The Fed & Quantitative Easing

The EUR continued its surge on Tuesday highlighting that Monday’s brief decline may have only been a profit taking mode. The fact that the ECB is maintaining a strong inflation stance compared to the Federal Reserve and Bank of England have essentially helped the EUR gain. As pointed out, numerous pitfalls may be awaiting the EUR, but for the time being until proven otherwise the Single Currency has proven stellar. The IMF made it known yesterday that it believes Portugal will need over 100 billion in aid over the next calendar year. The German ZEW Economic Sentiment reading was also published and showed that the German public is growing sour as it produced a mark of 7.6 compared to the estimated outcome of 11.7. But through both of these seemingly poor indicators the EUR kept pace and by the end of the day finished near the highest parts of its range.

Today the U.S. will release Retail Sales reports and a gain of 0.6% is forecasted for the broad numbers. Investors will watch this number to see if U.S. consumers are showing any signs of life. The question is what type of impact good economic news will have on the Greenback, taking into consideration that the Fed continues its quantitative easing policy. If economic news from the States can maintain an improved outlook, there are indications that the Federal Reserve will not put another round of quantitative easing on the table in the summer. Some economists are ringing warning sirens about the high costs of energy and its dire effects. On Friday the U.S. will issue the Empire State Manufacturing Index and Preliminary Consumer Sentiment marks from the University of Michigan.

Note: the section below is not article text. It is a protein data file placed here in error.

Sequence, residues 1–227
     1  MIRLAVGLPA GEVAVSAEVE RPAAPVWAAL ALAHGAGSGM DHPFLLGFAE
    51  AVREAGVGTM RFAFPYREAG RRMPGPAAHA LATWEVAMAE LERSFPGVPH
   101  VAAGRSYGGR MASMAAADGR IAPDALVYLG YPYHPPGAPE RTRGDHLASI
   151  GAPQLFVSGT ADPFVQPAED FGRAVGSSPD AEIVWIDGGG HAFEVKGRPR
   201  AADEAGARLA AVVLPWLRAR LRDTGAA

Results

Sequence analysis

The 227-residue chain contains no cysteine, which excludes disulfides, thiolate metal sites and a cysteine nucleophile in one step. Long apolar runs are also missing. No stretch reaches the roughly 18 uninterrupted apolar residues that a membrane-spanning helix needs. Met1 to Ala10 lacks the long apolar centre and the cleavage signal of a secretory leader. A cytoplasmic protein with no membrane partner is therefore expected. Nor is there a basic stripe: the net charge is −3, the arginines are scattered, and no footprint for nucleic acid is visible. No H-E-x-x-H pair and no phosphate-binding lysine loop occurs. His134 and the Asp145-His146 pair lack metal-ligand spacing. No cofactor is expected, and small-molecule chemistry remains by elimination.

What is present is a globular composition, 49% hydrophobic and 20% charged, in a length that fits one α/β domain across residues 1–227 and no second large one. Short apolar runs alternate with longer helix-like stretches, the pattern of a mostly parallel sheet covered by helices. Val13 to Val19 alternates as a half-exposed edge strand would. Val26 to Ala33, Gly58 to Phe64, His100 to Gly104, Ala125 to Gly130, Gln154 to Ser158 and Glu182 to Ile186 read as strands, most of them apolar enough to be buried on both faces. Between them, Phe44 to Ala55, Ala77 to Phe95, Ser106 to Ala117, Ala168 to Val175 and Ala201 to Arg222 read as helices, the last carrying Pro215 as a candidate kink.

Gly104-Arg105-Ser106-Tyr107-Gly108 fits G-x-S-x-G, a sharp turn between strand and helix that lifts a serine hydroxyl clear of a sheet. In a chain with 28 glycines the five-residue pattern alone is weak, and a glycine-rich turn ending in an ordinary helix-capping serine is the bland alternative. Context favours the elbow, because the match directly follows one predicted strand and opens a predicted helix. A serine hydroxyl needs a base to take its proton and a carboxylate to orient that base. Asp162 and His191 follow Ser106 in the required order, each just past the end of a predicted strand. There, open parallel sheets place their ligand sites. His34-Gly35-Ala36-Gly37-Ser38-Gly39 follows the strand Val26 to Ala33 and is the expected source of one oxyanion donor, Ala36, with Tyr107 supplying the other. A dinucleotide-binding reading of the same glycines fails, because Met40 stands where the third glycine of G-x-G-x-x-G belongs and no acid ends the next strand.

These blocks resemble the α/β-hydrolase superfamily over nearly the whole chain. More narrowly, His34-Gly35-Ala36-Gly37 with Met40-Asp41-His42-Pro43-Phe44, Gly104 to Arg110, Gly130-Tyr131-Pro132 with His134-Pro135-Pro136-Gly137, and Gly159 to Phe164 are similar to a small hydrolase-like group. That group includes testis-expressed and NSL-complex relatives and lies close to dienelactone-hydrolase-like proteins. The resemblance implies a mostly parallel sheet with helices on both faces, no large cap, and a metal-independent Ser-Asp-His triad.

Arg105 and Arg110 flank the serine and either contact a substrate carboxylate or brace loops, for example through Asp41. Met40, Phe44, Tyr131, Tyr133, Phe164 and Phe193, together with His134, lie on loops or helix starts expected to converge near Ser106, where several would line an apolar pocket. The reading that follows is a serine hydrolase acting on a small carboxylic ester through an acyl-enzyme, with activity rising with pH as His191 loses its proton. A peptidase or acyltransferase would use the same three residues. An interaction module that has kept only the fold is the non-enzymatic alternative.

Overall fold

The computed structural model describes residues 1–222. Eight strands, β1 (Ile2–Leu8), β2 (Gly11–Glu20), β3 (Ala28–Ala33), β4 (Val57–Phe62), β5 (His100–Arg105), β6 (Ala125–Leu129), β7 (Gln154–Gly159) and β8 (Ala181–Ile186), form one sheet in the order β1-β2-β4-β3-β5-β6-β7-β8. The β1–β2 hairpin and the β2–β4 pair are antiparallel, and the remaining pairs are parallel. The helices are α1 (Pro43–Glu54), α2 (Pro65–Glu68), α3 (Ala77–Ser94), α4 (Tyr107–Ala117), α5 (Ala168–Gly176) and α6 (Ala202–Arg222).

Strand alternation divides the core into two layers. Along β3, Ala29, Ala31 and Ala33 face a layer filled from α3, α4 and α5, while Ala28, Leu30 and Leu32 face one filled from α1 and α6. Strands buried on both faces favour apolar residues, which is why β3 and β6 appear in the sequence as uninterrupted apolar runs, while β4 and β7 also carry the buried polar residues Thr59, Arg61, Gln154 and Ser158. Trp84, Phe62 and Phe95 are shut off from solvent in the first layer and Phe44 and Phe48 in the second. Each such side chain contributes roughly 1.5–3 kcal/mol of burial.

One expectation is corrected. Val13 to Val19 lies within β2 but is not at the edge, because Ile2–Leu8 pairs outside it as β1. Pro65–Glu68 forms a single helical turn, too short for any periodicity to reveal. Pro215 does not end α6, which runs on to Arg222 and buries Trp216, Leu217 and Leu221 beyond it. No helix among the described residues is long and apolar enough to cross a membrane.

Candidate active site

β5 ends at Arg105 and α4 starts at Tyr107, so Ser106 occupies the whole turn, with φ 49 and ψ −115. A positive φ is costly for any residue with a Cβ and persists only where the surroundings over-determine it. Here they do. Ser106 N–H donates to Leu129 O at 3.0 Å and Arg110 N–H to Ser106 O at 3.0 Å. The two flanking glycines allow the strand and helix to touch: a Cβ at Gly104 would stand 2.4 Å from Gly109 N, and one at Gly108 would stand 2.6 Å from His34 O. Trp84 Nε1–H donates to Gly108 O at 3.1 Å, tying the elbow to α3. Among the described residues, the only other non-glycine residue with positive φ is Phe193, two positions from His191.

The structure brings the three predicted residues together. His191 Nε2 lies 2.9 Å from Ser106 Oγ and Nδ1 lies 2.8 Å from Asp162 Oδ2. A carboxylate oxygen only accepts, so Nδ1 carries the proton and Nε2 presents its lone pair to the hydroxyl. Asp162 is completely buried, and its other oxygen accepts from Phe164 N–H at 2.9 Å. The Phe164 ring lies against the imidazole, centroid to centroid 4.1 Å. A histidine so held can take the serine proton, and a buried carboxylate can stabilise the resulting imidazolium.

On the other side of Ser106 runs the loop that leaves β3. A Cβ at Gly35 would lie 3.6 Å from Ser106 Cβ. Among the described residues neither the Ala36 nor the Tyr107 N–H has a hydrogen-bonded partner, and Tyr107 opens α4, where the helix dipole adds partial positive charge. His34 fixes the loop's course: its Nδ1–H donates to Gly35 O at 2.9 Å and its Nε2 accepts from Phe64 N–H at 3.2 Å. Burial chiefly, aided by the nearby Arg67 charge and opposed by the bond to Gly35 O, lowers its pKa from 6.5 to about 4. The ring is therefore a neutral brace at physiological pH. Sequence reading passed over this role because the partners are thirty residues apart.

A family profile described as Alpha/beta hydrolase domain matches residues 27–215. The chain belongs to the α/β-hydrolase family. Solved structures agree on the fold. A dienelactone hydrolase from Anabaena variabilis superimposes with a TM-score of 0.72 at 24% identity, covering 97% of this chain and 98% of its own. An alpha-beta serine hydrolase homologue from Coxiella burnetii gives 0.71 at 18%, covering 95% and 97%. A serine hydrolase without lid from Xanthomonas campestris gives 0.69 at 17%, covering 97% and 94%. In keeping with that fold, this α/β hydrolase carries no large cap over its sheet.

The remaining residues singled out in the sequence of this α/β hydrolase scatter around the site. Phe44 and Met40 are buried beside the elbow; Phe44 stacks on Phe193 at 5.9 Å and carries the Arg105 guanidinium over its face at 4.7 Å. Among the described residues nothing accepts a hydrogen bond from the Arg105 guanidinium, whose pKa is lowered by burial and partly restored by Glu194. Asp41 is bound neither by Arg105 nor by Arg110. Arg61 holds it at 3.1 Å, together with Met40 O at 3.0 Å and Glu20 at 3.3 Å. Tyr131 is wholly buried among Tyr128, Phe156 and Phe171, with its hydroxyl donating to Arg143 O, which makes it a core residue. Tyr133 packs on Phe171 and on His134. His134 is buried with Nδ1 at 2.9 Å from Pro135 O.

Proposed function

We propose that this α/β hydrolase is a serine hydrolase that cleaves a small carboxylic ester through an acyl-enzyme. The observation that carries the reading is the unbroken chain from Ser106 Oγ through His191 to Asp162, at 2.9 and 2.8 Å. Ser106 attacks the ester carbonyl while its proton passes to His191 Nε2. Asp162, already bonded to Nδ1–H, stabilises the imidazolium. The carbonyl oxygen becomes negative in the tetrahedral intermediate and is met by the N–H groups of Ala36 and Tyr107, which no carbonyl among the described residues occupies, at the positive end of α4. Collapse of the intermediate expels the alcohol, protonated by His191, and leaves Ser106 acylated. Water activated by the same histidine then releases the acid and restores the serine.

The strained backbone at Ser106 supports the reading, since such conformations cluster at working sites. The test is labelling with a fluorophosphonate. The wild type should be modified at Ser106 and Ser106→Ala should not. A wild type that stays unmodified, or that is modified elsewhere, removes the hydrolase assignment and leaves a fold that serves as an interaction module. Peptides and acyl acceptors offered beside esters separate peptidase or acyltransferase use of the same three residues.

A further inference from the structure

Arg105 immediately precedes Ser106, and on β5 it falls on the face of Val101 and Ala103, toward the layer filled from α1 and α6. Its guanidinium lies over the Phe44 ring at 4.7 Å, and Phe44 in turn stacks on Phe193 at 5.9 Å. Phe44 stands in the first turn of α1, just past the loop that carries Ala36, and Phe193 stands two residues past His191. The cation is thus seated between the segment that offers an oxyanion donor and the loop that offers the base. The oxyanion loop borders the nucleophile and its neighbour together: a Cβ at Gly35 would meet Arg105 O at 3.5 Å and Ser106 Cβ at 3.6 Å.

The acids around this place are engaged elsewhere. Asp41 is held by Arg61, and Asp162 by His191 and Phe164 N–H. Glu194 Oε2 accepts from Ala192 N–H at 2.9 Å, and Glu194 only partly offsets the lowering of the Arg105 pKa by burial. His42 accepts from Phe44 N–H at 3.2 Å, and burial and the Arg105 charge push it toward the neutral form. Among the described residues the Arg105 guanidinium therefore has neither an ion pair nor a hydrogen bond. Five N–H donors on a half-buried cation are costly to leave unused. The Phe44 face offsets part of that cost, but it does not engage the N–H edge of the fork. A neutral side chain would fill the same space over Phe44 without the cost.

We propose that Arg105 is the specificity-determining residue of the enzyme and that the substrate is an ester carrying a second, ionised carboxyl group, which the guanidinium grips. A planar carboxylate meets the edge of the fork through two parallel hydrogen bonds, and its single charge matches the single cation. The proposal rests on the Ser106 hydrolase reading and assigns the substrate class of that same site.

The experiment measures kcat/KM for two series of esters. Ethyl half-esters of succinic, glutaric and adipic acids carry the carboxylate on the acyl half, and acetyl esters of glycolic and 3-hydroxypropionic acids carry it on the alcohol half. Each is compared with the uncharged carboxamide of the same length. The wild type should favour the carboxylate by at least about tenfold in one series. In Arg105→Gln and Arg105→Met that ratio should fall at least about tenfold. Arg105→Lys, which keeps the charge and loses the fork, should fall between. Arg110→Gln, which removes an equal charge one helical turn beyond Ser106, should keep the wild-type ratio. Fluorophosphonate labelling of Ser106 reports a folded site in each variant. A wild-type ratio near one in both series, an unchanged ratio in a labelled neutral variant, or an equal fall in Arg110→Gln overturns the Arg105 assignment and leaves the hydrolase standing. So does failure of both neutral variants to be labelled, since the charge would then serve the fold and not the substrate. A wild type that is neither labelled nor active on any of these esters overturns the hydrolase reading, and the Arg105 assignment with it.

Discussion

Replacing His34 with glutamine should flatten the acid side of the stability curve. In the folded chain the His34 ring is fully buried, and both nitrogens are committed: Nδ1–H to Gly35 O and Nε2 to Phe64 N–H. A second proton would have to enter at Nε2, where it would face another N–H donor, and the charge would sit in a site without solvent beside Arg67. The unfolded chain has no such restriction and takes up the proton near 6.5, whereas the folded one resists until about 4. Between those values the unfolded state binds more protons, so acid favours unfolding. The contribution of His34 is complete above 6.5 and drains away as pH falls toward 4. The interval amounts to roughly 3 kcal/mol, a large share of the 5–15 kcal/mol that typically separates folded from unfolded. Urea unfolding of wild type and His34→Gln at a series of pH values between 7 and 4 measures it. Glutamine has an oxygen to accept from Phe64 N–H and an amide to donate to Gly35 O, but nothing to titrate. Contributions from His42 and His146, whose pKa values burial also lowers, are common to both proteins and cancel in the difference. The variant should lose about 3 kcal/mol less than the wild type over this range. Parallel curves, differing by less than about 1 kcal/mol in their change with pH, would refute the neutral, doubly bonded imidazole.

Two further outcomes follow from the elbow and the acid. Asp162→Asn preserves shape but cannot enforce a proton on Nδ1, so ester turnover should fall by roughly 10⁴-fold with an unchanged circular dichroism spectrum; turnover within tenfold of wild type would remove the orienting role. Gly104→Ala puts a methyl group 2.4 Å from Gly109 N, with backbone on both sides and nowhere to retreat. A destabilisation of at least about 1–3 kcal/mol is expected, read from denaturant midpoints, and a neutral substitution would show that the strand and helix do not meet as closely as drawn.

While international developments continue to roil the broad markets it appears that investors may be put into the position where they will have to take into account fundamental data sooner rather than later. The knock on effect from the Goldman Sachs warning about ‘high’ commodity prices was enough to keep prices soft in the Grains and left Gold standing in place. The question is where demand is actually coming from within the physical resource framework. China certainly provides plenty of the buying, but the question is what would happen if the global economy were to take another slide backwards due to high energy costs.

Equity markets were negative predominantly on Tuesday and plenty of this had to do with the developing saga in Japan. Going into today’s trading sessions it is possible that some of this news has once again been digested. Wall Street has turned in a couple of lackluster performances and attention will be given to its returns today.

The GBP has shown that it may have left the protective nest of the EUR now that the BoE is officially not paying the same amount of heed to its inflation mandate as the ECB. The Sterling has remained in the stronger parts of its range against the USD, but it has not gained with significant force against the Greenback, this in stark contrast to the results that the EUR has seen against the USD. Employment data will come from the U.K. today, but the crux of the matter will be sentiment that exists surrounding the outlook of the BoE and how it will battle lagging growth and challenging inflation should it continue. The GBP presents an interesting opportunity for those who believe that it may face some downside pressure.

The JPY consolidated on Tuesday after gaining early in the day after the rather troubling radiation news from the government. Asian markets are still transfixed on the Japanese crisis and traders must be ready for sudden bursts of volatility. The Japanese government issued a downgrade for their economic outlook earlier today as concerns continue to mount about the hurdles Japan will face. The AUD has come off of its highs, but has found some stability. AUD traders will anxiously watch the price of Gold also today. The precious metal is trading at 1458.00 USD as of this writing.

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